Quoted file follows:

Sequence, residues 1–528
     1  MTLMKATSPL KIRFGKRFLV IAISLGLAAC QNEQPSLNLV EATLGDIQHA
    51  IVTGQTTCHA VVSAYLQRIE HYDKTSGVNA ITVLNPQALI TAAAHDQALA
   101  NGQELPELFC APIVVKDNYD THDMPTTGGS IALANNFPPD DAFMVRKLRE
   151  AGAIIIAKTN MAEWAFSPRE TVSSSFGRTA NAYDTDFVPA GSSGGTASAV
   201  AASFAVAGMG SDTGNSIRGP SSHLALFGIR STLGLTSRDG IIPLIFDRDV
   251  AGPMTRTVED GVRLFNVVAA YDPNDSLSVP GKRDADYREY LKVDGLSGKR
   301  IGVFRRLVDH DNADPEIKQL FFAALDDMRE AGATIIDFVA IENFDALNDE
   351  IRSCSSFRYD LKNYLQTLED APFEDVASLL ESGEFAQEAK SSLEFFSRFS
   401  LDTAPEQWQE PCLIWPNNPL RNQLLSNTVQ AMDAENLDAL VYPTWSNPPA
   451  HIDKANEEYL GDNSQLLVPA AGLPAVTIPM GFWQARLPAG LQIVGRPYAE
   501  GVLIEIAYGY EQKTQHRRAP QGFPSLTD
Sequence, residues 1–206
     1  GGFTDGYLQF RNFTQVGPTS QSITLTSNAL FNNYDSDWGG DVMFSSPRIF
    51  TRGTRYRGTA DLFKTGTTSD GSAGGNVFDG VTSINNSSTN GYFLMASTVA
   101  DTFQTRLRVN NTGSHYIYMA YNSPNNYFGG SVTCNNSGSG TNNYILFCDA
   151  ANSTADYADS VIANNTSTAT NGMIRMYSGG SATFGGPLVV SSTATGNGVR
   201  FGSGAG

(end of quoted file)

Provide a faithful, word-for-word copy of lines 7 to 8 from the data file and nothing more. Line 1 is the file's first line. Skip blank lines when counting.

   251  AGPMTRTVED GVRLFNVVAA YDPNDSLSVP GKRDADYREY LKVDGLSGKR
   301  IGVFRRLVDH DNADPEIKQL FFAALDDMRE AGATIIDFVA IENFDALNDE